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Neurosci Biobehav Rev. 2014 Jan;38:173-92. doi: 10.1016/j.neubiorev.2013.11.009. Epub 2013 Dec 1.

Stress, serotonin, and hippocampal neurogenesis in relation to depression and antidepressant effects.

Author information

1
McGill Group for Suicide Studies, Douglas Mental Health University Institute, Verdun, QC, Canada; Integrated Program in Neuroscience, McGill University, Montreal, QC, Canada. Electronic address: ian.mahar@mail.mcgill.ca.
2
Behavioural Neurobiology Laboratory, Centre for Addiction and Mental Health, Toronto, ON, Canada.
3
McGill Group for Suicide Studies, Douglas Mental Health University Institute, Verdun, QC, Canada; Integrated Program in Neuroscience, McGill University, Montreal, QC, Canada; Department of Psychiatry, McGill University, Montreal, QC, Canada.
4
Behavioural Neurobiology Laboratory, Centre for Addiction and Mental Health, Toronto, ON, Canada; Department of Pharmacology and Toxicology, University of Toronto, Toronto, ON, Canada; Department of Psychiatry, University of Toronto, Toronto, ON, Canada; Department of Psychology, University of Toronto, Toronto, ON, Canada.

Abstract

Chronic stressful life events are risk factors for developing major depression, the pathophysiology of which is strongly linked to impairments in serotonin (5-HT) neurotransmission. Exposure to chronic unpredictable stress (CUS) has been found to induce depressive-like behaviours, including passive behavioural coping and anhedonia in animal models, along with many other affective, cognitive, and behavioural symptoms. The heterogeneity of these symptoms represents the plurality of corticolimbic structures involved in mood regulation that are adversely affected in the disorder. Chronic stress has also been shown to negatively regulate adult hippocampal neurogenesis, a phenomenon that is involved in antidepressant effects and regulates subsequent stress responses. Although there exists an enormous body of data on stress-induced alterations of 5-HT activity, there has not been extensive exploration of 5-HT adaptations occurring presynaptically or at the level of the raphe nuclei after exposure to CUS. Similarly, although hippocampal neurogenesis is known to be negatively regulated by stress and positively regulated by antidepressant treatment, the role of neurogenesis in mediating affective behaviour in the context of stress remains an active area of investigation. The goal of this review is to link the serotonergic and neurogenic hypotheses of depression and antidepressant effects in the context of stress. Specifically, chronic stress significantly attenuates 5-HT neurotransmission and 5-HT1A autoreceptor sensitivity, and this effect could represent an endophenotypic hallmark for mood disorders. In addition, by decreasing neurogenesis, CUS decreases hippocampal inhibition of the hypothalamic-pituitary-adrenal (HPA) axis, exacerbating stress axis overactivity. Similarly, we discuss the possibility that adult hippocampal neurogenesis mediates antidepressant effects via the ventral (in rodents; anterior in humans) hippocampus' influence on the HPA axis, and mechanisms by which antidepressants may reverse chronic stress-induced 5-HT and neurogenic changes. Although data are as yet equivocal, antidepressant modulation of 5-HT neurotransmission may well serve as one of the factors that could drive neurogenesis-dependent antidepressant effects through these stress regulation-related mechanisms.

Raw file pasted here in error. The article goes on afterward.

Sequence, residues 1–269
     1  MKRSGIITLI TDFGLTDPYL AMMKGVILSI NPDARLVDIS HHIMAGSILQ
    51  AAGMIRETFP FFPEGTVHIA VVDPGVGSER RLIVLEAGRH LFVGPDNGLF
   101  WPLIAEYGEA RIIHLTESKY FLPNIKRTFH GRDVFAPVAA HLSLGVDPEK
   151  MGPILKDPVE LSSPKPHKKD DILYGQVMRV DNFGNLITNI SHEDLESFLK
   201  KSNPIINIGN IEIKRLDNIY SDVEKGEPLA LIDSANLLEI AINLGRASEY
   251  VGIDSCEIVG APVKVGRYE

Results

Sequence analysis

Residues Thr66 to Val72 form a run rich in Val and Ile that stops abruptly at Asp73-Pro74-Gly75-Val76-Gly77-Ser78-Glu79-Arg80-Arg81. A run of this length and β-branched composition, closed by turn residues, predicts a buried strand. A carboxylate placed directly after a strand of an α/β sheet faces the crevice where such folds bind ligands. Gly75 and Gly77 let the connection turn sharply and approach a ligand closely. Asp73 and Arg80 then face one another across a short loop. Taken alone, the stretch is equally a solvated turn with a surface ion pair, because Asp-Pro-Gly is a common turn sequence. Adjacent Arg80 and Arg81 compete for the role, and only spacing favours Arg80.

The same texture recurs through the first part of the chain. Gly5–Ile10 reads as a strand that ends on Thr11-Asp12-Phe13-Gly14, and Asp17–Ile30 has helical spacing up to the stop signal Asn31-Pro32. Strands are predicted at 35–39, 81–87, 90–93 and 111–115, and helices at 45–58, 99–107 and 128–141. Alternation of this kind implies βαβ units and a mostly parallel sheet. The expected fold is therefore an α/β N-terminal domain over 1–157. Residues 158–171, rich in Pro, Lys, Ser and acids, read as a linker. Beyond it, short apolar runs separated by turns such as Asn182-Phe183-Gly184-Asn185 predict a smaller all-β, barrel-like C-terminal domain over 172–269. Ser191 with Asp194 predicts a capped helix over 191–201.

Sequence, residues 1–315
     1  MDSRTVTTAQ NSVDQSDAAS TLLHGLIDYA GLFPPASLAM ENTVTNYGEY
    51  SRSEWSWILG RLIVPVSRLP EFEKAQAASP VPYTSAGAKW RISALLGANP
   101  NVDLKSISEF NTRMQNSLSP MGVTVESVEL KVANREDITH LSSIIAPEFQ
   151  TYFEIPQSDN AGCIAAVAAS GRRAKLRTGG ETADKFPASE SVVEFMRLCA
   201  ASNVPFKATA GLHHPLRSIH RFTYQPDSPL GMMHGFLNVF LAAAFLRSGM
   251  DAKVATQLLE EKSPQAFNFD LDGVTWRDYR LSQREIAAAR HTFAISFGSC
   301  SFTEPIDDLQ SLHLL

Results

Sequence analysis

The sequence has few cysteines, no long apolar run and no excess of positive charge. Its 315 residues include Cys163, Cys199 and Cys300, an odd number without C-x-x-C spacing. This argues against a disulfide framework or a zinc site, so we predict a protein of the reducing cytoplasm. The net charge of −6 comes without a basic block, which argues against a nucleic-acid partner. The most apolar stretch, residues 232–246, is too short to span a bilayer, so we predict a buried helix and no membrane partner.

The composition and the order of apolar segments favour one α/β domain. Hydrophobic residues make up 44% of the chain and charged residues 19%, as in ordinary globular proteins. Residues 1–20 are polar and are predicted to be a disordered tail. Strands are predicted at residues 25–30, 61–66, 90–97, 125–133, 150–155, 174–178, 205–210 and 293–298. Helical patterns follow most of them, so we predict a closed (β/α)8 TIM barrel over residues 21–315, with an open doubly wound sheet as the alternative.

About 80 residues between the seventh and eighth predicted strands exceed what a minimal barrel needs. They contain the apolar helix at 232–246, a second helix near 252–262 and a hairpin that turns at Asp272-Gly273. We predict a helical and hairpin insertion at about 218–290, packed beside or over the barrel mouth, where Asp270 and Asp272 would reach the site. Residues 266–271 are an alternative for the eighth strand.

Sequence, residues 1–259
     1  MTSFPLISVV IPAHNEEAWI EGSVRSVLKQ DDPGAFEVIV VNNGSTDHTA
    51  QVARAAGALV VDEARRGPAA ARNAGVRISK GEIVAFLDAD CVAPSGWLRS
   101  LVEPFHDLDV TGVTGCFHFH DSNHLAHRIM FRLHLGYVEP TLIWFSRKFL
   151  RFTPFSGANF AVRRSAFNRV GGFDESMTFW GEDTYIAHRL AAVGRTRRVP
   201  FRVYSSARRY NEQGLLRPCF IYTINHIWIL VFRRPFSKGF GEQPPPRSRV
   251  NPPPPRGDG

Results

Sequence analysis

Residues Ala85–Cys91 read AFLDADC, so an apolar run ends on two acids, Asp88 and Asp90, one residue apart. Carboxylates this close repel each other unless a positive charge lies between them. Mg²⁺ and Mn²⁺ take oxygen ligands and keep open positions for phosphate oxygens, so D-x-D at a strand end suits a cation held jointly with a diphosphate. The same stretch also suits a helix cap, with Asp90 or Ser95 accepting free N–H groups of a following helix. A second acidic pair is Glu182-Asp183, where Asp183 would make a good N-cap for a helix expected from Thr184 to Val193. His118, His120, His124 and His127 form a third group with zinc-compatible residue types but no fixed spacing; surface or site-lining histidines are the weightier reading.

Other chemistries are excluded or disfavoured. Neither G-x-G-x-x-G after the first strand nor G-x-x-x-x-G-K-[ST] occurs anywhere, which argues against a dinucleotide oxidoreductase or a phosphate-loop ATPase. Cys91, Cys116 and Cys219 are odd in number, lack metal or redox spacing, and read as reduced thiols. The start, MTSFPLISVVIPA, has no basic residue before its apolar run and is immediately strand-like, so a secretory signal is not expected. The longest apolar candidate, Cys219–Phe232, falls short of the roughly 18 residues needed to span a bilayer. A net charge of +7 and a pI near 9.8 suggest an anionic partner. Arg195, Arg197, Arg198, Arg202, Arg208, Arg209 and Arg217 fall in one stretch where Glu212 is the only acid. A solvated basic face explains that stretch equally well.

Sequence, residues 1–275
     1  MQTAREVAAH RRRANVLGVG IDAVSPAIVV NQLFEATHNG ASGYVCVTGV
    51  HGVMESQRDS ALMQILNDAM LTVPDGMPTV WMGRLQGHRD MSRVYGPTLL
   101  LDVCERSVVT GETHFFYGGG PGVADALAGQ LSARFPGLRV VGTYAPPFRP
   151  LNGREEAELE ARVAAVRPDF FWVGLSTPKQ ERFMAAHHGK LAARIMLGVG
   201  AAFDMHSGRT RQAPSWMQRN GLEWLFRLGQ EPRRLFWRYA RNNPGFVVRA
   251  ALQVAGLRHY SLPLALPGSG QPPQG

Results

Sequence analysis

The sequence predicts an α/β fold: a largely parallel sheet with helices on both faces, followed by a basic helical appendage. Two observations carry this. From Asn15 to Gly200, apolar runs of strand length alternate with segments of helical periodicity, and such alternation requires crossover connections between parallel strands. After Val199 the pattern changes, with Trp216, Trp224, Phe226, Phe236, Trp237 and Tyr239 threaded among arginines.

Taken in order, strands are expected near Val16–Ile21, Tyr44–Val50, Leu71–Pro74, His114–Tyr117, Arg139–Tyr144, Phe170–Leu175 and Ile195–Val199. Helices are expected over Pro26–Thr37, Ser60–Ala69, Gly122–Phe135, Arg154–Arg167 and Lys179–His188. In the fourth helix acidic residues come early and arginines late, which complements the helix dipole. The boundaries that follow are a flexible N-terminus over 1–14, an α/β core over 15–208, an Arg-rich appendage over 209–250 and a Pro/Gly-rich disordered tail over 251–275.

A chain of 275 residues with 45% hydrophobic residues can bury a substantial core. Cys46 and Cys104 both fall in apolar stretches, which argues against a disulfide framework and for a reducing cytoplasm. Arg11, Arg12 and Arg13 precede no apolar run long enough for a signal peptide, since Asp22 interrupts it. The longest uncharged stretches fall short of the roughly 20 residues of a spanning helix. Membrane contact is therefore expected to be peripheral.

KEYWORDS:

Antidepressant; Chronic unpredictable stress; Depression; Hypothalamic–pituitary–adrenal axis; Neurogenesis; Neurotrophic factors; Serotonin; Stress

PMID:
24300695
DOI:
10.1016/j.neubiorev.2013.11.009
[Indexed for MEDLINE]

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